EARLY RESULTS OF THE EXTRACARDIAC CONDUIT FONTAN OPERATION

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Abstract

Background:

Among the modifications of the Fontan operation, the extracardiac approach may offer the greatest potential for optimizing early postoperative ventricular and pulmonary vascular function, insofar as it can be performed with short periods of normothermic partial cardiopulmonary bypass and without cardioplegic arrest in most cases. In this study, we reviewed our experience with the extracardiac conduit Fontan operation, with a focus on early postoperative outcomes.

Methods and results:

Between July 1992 and April 1997, 51 patients (median age 4.9 years) underwent an extracardiac conduit Fontan operation. Median cardiopulmonary bypass time was 92 minutes and has decreased significantly over the course of our experience. Intracardiac procedures were performed in only 5 patients (10%), and the aorta was crossclamped in only 11 (22%). Intraoperative fenestration was performed in 24 patients (47%). There were no early deaths. Fontan failure occurred in 1 patient who was a poor candidate for the Fontan procedure. Transient supraventricular tachyarrhythmias occurred in 5 patients (10%). Median duration of chest tube drainage was 8 days. Factors significantly associated with prolonged resource use (mechanical ventilation, inotropic support, intensive care unit stay, and hospital stay) included longer bypass time and higher Fontan pressure. At a median follow-up of 1.9 years, there was 1 death from bleeding at reoperation.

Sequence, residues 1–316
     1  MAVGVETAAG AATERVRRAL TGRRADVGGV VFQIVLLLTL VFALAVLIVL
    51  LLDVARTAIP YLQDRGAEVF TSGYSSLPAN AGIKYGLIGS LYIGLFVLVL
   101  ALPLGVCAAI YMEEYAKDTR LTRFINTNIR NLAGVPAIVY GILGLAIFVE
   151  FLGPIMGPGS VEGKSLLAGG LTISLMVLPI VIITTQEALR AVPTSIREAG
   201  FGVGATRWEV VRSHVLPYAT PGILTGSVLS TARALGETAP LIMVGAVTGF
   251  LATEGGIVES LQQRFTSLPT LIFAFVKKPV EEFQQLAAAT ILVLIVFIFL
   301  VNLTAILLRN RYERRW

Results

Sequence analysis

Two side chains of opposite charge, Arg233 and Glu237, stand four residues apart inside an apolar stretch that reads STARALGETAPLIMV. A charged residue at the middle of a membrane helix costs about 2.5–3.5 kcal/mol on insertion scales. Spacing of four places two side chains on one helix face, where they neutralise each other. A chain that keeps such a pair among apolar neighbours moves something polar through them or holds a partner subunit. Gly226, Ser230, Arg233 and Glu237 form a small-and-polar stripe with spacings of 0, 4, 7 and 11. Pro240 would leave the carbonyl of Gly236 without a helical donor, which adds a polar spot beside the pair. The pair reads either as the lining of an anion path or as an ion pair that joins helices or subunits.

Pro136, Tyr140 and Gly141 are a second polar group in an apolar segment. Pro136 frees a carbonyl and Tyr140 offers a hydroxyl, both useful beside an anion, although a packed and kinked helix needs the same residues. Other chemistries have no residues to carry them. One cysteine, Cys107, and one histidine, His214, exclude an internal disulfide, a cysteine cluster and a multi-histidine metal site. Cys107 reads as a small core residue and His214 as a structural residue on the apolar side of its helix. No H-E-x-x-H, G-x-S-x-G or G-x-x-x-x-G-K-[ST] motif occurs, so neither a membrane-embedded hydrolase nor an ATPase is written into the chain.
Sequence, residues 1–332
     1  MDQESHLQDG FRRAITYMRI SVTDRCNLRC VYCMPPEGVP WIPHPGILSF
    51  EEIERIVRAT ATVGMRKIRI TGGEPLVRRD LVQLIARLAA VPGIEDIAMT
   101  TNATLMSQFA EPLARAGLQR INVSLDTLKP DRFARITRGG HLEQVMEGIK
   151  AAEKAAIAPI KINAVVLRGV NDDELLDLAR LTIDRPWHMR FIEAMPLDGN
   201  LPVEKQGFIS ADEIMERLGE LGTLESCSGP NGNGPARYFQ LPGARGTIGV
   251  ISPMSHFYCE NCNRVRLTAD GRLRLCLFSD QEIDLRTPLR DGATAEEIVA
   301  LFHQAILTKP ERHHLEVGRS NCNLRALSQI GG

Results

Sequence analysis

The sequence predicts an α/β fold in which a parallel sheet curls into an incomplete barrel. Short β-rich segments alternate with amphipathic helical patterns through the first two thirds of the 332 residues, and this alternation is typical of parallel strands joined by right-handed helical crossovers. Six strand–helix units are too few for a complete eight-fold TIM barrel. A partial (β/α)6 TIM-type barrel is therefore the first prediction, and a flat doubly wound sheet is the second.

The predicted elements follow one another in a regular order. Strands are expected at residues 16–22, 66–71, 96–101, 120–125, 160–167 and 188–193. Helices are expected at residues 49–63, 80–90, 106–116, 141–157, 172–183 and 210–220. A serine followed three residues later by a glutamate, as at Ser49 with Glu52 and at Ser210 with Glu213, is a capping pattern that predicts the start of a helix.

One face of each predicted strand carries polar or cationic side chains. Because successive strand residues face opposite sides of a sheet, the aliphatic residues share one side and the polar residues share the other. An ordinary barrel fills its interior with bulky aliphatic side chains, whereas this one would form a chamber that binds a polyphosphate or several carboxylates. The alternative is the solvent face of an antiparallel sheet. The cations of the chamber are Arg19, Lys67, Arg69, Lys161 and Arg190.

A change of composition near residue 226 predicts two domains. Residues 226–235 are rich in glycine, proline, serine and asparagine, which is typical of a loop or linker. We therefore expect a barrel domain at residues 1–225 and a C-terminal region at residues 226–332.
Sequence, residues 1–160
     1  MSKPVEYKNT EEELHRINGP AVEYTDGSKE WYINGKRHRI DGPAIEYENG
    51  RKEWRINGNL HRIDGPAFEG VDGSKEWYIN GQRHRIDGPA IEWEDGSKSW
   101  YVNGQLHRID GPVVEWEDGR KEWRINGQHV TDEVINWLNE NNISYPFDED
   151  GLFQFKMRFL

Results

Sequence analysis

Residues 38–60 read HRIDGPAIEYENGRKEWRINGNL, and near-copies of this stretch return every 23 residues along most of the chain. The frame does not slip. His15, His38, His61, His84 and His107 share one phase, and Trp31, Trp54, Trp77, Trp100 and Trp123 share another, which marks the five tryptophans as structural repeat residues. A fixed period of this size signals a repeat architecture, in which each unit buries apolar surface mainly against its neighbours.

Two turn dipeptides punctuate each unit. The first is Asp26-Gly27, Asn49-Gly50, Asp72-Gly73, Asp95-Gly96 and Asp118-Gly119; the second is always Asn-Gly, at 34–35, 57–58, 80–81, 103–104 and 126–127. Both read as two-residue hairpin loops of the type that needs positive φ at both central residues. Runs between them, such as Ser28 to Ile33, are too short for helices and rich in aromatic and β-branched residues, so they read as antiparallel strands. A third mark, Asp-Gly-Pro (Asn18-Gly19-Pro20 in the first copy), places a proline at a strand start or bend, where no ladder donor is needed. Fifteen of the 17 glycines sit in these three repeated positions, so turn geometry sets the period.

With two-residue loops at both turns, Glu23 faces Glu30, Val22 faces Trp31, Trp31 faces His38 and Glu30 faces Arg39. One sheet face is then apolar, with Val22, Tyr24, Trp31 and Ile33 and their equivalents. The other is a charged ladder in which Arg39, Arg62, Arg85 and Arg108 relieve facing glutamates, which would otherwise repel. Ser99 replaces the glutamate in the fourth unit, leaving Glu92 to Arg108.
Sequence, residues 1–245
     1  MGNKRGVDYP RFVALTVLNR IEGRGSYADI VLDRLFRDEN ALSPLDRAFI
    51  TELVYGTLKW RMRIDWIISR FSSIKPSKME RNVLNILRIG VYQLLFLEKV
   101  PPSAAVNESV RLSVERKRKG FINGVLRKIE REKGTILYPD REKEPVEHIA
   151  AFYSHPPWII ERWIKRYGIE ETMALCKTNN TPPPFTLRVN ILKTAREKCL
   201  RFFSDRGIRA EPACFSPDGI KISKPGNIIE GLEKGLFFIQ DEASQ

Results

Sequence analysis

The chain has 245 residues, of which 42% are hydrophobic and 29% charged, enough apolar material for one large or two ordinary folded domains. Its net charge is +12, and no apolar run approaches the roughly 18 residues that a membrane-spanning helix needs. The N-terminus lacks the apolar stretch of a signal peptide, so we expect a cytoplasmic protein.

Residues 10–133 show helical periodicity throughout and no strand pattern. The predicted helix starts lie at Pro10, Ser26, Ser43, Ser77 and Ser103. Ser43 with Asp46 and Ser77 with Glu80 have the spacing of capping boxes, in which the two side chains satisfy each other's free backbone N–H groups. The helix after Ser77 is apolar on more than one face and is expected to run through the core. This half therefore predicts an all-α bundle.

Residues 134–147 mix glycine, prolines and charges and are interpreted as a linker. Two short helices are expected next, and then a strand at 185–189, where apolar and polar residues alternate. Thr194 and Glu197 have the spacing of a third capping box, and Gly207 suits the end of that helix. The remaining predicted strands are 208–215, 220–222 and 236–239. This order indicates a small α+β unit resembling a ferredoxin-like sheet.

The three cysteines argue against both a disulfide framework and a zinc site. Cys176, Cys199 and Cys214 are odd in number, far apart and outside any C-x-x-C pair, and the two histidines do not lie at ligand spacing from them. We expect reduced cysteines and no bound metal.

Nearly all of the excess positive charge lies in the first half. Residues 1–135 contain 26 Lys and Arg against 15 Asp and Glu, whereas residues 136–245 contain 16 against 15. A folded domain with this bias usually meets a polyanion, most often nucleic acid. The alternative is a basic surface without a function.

Conclusions:

The extracardiac conduit Fontan procedure can be performed with minimal mortality and morbidity. Improved results may be related to advantages of the extracardiac approach and improved preservation of ventricular and pulmonary vascular function.

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